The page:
D600 is Nikon fixing its product strategy - not a D700 replacement

Started Sep 13, 2012 | Discussions thread
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D600 is Nikon fixing its product strategy - not a D700 replacement
Sep 13, 2012

My take on the D600 is a little different. It is easy to jump to the conclusion that the D600 is the replacement for the D700 bit I think there is more to the strategy than rolling out a 24mp DSLR.

First off, from a competitive situation, the D600 is Nikon's attempt to deal a hammer blow against Canon similar to the impact of D300 on the professional DX market. I am not a Canon expert but it would appear to me that Nikon has taken a decisive step to stop the hemorrhaging in the full frame market. Since the introduction of the 5D, Canon has been building market share in FF, much of it at Nikon's expense. I know several pros (primarily weddings) who left Nikon when the original 5D came out. Then more jumped with the MKII and even more migrated when the MKIII was released. Clearly, the D600 can hold its own against the 5D MKII and whatever advantage the 5D MkIII may have is effectively neutralized by the $1,000 price advantage.

More problematic for Nikon was its own product strategy for its existing base. Again, just my opinion, but the D700 was Nikon's attempt to counter the competitive threat of the original 5D but, in doing so, created its own marketing problems ...the D700 was too good. Slap a MB-D10 grip on a D700 and there is not a lot of incentive to pony up another $2000 for a D3 except for the most demanding professional. I wonder how many pros bought a D700 as the primary or backup instead of a D3? I bet Nikon has thought about that a lot over the last 4 years and is not going to make that mistake again.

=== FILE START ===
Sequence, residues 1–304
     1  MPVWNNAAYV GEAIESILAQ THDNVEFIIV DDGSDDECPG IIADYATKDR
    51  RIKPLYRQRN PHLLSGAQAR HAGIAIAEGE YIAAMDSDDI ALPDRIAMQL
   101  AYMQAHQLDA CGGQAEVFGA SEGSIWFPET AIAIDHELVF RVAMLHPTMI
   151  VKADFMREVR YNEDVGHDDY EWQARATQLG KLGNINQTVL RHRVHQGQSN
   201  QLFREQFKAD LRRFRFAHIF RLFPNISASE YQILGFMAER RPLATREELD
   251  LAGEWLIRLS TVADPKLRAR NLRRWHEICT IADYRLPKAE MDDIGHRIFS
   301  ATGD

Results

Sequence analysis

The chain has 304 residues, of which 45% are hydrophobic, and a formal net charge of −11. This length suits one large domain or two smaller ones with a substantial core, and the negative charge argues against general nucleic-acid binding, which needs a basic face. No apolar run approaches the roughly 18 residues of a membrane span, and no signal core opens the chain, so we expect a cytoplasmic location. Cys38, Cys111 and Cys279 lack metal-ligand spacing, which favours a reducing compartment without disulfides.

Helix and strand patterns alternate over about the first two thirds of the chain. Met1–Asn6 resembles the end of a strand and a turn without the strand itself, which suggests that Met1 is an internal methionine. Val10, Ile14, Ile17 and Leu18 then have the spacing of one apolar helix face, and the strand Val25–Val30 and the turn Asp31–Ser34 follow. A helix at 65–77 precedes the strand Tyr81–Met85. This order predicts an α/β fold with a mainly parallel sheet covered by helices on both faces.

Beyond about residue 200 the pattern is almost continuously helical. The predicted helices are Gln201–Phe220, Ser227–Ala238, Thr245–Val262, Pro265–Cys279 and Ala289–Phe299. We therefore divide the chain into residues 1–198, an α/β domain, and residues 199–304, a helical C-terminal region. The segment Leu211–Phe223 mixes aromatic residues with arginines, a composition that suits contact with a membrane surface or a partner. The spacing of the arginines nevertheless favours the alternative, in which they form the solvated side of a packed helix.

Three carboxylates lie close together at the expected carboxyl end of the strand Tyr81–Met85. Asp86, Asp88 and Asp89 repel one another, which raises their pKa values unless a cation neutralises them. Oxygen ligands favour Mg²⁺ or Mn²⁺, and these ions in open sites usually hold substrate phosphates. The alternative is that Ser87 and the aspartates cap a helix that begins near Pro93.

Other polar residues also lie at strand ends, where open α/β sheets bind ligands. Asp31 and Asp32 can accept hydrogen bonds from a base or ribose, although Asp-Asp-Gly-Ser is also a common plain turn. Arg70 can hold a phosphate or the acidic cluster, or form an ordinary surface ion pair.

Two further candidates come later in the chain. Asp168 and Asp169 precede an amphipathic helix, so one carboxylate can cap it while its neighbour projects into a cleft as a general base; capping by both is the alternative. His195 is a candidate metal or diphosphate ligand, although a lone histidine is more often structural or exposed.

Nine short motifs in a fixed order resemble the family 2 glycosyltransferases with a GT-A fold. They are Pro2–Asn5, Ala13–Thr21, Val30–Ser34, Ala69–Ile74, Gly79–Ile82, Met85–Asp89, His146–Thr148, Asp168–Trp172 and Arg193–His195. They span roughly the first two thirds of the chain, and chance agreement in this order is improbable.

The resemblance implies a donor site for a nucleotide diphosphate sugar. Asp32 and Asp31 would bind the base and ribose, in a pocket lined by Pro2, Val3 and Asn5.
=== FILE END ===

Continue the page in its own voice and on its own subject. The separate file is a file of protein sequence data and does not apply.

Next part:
The D800 is a different animal, looks like the best FX studio / landscape camera available (assuming the focus issue is resolved). Will it compete with a D4...not really. If anything, the pro will likely buy both a D4 and D800 when a client demands highest resolution. They are different tools for different applications.

Looking at the D600 specs, features and build, it is expressly for the "serious" Nikon enthusiast wanting FF. It is basically a blown out D7000 with an FX sensor. The D600 is not a pro body. It will be interesting to see what, if any, impact the D600 will have on the D800 sales.

With the D600, Nikon has effectively "fixed" it FF market strategy. It will be interesting to see how Canon responds...expect to see price cuts in the MKIII.

There is also the unanswered question of a D300/D300s replacement. I think this is Nikon's most problematic product niche. I personally think the high end DX market is going to be squeezed out between the D7000 and D600, similar to what happened to the prosumer market when entry DLSR's came out.

To end this rambling, I don't think there is going to be a true D700 replacement. The D700 was / is a lightly stripped down pro body. If video is unimportant, the D700 is still an impressive workhorse. Constant refrain that I hear now is pros picking up used D700's on the cheap. In fact, I bet Nikon would love to see the D700 die so they could sell more D4's!

Canon EOS 5D Nikon D3 Nikon D300 Nikon D4 Nikon D600 Nikon D700 Nikon D7000 Nikon D800
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